Gamla stan, until 1980 officially Staden mellan broarna, is the old town of Stockholm, Sweden. Gamla stan consists primarily of the island Stadsholmen.
Many of the narrow, cobblestone alleys in Gamla Stan are car free, making a walk around the Old Town a pleasure. Plenty of shops, cafés and restaurants ensure the area is always alive. But there are also several idyllic squares and peaceful streets where visitors can admire the historic charm of Stockholm's medieval center.
Gamla Stan officially comprises three of Stockholm's fourteen islands - Riddarholmen, Stadsholmen and Helgeandsholmen - but when people mention Gamla Stan, they usually think of Stadsholmen, the largest of the three.
Skansen is the world’s oldest open-air museum, showcasing the whole of Sweden with houses and farmsteads from every part of the country.
Skansen attracts more than 1.3 million visitors each year. The many exhibits over the 75 acre (300,000 m²) site include a full replica of an average 19th-century town, in which craftsmen in traditional dress such as tanners, shoemakers, silversmiths, bakers and glass-blowers demonstrate their skills in period surroundings. There is even a small patch growing tobacco used for the making of cigarettes. There is also an open-air zoo containing a wide range of Scandinavian animals including the bison, brown bear, moose, grey seal, lynx, otter, red fox, reindeer, wolf, and wolverine (as well as some non-Scandinavian animals because of their popularity). There are also farmsteads where rare breeds of farm animals can be seen.
Take a day trip to Drottningholm and experience a historic milieu of the highest international standards.
Drottningholm Palace is on UNESCO's World Heritage list. It is the most well-preserved royal castle built in the 1600s in Sweden and at the same time is representative of all European architecture for the period.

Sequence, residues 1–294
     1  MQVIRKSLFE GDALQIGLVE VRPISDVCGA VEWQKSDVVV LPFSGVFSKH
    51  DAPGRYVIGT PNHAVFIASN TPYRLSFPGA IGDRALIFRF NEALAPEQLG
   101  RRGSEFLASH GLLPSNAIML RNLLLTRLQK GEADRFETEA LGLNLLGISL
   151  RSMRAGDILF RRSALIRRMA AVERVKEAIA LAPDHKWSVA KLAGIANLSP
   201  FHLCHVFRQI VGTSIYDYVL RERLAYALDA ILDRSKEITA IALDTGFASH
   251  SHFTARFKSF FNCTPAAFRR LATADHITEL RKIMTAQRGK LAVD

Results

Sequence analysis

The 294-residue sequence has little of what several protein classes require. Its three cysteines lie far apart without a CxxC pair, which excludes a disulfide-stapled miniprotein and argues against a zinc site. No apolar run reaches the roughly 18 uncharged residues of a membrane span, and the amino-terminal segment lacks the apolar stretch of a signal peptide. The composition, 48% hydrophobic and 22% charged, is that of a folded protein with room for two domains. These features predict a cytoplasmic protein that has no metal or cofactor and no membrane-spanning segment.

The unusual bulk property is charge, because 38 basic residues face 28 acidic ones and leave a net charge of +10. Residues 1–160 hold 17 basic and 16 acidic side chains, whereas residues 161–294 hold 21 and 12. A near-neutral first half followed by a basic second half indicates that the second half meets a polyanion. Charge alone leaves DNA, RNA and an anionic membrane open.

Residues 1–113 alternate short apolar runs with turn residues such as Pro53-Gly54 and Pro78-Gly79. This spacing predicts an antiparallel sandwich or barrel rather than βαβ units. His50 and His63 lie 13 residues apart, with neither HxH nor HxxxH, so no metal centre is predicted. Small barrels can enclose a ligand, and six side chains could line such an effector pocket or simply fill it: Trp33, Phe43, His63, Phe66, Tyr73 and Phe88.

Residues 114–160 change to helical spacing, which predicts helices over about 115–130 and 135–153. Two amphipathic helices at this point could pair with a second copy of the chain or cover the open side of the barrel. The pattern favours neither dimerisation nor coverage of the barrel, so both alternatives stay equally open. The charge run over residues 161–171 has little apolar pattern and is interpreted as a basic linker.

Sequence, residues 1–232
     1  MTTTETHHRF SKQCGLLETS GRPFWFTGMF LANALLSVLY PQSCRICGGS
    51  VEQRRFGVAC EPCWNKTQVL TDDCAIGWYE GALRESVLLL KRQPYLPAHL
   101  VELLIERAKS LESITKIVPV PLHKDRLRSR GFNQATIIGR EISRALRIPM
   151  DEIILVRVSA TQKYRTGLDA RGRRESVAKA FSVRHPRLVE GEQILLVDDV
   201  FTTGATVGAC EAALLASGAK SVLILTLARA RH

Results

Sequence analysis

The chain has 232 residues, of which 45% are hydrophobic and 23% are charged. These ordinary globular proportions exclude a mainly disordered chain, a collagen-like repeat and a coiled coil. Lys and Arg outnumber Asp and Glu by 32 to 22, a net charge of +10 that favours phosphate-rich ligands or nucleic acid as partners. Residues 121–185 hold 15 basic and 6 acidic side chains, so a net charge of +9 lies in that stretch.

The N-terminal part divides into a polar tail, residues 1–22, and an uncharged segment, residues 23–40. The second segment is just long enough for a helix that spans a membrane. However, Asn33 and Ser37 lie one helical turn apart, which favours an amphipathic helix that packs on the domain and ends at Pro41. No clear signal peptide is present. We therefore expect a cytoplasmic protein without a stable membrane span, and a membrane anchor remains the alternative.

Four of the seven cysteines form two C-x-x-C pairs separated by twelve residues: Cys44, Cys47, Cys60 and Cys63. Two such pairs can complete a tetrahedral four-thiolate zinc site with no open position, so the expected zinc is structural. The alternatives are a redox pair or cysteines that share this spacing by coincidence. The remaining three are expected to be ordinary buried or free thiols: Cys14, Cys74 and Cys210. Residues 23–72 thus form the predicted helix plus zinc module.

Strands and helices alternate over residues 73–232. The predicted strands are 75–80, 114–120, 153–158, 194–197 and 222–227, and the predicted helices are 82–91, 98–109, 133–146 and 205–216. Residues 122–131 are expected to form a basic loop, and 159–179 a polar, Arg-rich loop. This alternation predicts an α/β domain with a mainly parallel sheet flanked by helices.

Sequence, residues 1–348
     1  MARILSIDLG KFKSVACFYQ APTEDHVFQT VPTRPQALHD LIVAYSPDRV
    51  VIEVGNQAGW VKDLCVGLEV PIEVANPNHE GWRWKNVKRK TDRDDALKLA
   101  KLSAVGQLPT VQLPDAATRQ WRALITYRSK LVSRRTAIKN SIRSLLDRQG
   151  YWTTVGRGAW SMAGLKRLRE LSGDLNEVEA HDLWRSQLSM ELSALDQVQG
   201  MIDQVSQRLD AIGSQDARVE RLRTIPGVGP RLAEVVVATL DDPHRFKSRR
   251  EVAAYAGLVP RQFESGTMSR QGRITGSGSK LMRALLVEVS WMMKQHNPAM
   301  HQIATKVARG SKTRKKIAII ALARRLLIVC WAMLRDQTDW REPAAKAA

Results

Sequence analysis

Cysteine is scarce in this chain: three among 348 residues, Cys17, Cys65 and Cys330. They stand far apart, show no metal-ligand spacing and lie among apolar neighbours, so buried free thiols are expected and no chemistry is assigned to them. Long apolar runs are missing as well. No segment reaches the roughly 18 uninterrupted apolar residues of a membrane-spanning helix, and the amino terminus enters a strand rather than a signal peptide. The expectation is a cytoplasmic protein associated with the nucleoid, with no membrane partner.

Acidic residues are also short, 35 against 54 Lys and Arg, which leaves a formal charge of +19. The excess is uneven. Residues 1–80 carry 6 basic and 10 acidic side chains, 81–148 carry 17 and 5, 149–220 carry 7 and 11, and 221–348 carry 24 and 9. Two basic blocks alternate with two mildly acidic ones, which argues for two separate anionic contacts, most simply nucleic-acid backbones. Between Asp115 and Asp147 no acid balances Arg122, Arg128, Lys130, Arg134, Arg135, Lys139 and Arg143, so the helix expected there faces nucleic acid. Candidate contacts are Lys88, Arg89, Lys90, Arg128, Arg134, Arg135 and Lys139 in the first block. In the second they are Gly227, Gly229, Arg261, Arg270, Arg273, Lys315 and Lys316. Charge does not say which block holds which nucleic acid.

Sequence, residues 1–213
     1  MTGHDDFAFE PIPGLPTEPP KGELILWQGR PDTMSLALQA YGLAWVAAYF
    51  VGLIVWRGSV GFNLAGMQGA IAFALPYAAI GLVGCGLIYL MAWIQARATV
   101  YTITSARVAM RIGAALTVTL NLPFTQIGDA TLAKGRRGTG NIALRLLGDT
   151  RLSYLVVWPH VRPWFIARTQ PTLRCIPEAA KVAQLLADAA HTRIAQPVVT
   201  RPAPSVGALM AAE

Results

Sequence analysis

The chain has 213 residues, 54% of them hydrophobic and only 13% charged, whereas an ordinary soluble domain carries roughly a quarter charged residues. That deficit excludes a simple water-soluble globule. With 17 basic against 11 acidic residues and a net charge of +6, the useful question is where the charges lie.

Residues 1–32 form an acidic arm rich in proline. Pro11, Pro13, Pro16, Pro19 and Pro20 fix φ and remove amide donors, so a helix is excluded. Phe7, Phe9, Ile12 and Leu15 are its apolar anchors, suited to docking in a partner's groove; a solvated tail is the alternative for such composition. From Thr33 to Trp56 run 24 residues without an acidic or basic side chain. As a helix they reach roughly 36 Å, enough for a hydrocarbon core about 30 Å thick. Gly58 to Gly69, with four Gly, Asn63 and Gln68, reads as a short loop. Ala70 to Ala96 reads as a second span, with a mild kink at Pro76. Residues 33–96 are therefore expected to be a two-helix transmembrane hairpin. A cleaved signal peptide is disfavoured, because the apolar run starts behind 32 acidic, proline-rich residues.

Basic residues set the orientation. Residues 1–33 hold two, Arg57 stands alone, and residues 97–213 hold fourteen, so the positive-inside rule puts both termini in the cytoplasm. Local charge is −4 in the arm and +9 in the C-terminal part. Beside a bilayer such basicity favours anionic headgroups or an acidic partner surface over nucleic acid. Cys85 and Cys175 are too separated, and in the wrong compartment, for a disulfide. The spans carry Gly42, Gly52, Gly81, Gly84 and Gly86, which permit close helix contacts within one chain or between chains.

The combination of the exotic Chinese Pavilion pleasure palace, the palace theatre and the magnificent palace gardens make a visit to Drottningholm a unique experience.
Influenced by French prototype, the palace was built by architect Nicodemus Tessin the Elder by commission of Queen Hedvig Eleonora. A number of royal personages have since then left their mark on the palace.
The Palace is Their Majesties the King and Queen's permanent home residence. The rooms in the southern wing of the palace are reserved for this purpose. The rest of the palace and grounds are open to the public year round.
The Vasa ship capsized and sank in Stockholm 1628. After 333 years on the sea bed the mighty warship was salvaged and the voyage could continue. Today Vasa is the world's only preserved 17th century ship and the most visited museum in Scandinavia.
Moderna Museet, Stockholm, Sweden, is a state museum for modern and contemporary art located on the island of Skeppsholmen in central Stockholm, opened in 1958.
Fotografiska is one of Stockholm's most popular attractions and a great place to appreciate photography, food and music. Fotografiska was founded in 2010 by brothers Per and Jan Broman and exhibits internationally famous photographers as well as upcoming talents.